Your comments on Lobb are interesting. When I was looking to order my first pair of bespoke shoes about 10 years ago I visited Lobbs (even though I could not really afford their prices) and found them very welcoming. In contrast I found Cleverley rather condescending. Maybe I just caught them on a bad day but I remember thinking ‘they are not getting my money!’. In the end I chose Jason Amesbury over Fosters because he was just that little bit cheaper, but I have never regretted my choice.
Thanks John, I hear and see good things about/from Jason.
You’re right, the reception from a brand is very much a personal and inconstant thing. Then again, I don’t think I’ve ever had anything but a positive experience from my favourite makers/people.
Hi Simon, thank you for this. Perhaps now I will lean towards G&G. Fit is the most important thing for me. It is a bonus that they know how to finish/antique. You have saved me from making some expensive mistakes!
Very good article, thanks. I have quite wide feet, which of these makers (RTW and bespoke) suits that more? I know some have RTW that must take the lasts from ballerinas!
Bespoke – anyone really. RTW best going for a special order from someone like Green or Crocketts
Could you do a post on shapes? Classic, chisel, pointed, round etc. the main shapes, what they go with, what style they indicate and how to wear them would go a really really long way!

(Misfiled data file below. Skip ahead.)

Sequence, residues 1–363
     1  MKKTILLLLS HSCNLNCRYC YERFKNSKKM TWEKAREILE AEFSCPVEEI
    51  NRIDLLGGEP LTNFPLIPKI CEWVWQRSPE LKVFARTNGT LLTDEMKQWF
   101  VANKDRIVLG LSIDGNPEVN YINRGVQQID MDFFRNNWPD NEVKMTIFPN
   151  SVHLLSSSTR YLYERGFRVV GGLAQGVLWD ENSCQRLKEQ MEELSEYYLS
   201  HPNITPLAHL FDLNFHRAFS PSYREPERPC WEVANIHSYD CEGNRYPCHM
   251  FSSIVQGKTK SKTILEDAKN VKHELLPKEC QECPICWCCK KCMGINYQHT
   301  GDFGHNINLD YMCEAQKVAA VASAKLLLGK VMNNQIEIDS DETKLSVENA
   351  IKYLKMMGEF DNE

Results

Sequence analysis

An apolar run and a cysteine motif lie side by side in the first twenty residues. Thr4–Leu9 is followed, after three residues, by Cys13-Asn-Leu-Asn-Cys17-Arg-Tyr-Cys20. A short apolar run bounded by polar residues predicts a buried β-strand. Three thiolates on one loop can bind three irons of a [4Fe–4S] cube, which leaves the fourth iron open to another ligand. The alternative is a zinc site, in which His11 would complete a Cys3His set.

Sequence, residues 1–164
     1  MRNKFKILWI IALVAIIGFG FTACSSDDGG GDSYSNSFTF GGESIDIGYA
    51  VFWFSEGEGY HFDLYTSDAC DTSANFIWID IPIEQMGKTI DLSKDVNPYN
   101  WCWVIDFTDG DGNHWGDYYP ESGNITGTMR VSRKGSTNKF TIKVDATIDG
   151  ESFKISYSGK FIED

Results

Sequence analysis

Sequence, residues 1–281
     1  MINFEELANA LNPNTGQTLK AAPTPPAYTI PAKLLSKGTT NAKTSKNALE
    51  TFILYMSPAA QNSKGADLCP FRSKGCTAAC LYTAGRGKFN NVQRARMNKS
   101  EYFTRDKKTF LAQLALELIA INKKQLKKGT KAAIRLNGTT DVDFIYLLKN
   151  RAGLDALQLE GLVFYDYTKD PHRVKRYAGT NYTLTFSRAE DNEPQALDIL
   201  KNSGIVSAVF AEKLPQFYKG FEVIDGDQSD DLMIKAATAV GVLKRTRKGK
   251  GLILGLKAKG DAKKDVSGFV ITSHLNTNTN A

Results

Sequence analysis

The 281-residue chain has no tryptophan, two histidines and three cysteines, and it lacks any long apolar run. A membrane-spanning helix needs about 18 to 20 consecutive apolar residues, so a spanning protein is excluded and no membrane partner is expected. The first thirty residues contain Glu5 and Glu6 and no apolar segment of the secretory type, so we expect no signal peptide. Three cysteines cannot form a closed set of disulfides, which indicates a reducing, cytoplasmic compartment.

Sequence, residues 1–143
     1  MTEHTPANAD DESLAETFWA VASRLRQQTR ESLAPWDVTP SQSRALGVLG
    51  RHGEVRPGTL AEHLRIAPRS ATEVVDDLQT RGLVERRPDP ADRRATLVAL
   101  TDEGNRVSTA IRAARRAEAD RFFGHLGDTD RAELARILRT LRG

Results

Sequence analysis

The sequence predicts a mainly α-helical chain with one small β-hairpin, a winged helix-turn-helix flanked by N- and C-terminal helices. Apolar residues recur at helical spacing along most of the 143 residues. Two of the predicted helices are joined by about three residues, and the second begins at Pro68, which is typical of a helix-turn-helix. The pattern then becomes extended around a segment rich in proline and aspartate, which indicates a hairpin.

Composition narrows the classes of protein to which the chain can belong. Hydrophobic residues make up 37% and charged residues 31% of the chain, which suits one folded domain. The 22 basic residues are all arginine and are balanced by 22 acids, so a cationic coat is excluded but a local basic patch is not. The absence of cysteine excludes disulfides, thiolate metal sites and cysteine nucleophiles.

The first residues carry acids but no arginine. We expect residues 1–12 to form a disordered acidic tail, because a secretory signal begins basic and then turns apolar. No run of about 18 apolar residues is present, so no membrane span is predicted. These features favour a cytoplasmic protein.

Sure, good idea
One often reads that new Oxfords should not completely close so that there is a slight V. After wearing them in the leather should have streched a bit and they should close completely.
However when I look at your bespoke shoes, they are completely closed from the begining.
Can you explain me why?
Maybe not all when I look closer to the pictures, but your
Stefano Bemer’s for example.
You’re right, that is a good guide. Actually, the Cleverleys generally haven’t closed completely, but G&G and Bemer have. It’s something that needs to be changed on my last. The shoes fit fine at the moment, but you’re right that in time they could become a little loose there
Some advice please. I have used Lobb Paris and Messina in Milan in the past for my bespoke shoes. I am thinking of a Suede pair now – any suggestions?